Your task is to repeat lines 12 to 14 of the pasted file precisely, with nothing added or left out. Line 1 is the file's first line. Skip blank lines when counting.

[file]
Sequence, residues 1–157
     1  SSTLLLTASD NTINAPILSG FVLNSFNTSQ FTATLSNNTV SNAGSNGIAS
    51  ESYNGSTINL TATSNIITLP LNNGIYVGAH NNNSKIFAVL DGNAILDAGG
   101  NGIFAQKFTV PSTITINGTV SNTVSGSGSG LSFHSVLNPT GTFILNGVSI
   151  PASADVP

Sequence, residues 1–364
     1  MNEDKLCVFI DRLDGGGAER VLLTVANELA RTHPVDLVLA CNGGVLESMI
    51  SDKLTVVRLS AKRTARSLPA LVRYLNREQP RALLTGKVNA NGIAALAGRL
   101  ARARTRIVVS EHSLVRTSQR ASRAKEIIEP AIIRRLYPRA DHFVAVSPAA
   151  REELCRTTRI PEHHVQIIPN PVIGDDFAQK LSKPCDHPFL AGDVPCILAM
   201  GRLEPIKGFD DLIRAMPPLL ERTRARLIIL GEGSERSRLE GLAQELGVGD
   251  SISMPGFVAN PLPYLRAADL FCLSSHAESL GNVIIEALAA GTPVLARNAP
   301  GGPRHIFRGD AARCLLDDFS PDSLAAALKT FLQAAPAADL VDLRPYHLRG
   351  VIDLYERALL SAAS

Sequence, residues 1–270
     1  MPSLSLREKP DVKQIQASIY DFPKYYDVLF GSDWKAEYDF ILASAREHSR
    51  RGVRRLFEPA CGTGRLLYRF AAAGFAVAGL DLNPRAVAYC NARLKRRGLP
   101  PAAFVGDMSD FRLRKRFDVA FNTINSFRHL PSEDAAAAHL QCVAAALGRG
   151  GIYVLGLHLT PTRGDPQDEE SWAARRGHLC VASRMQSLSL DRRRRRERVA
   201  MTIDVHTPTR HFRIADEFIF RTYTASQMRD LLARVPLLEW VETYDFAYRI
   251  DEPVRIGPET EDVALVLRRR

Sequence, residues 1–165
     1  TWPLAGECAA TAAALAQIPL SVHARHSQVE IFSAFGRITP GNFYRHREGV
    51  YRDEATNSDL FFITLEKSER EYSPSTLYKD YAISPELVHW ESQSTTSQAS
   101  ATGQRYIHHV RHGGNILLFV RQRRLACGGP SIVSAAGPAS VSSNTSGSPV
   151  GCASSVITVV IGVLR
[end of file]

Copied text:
   251  SISMPGFVAN PLPYLRAADL FCLSSHAESL GNVIIEALAA GTPVLARNAP
   301  GGPRHIFRGD AARCLLDDFS PDSLAAALKT FLQAAPAADL VDLRPYHLRG
   351  VIDLYERALL SAAS